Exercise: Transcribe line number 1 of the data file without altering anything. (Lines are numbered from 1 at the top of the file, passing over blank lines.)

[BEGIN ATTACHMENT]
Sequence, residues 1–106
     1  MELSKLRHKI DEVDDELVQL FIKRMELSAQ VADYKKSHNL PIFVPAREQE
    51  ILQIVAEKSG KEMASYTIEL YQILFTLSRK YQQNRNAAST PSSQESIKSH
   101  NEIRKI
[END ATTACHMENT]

Sequence, residues 1–106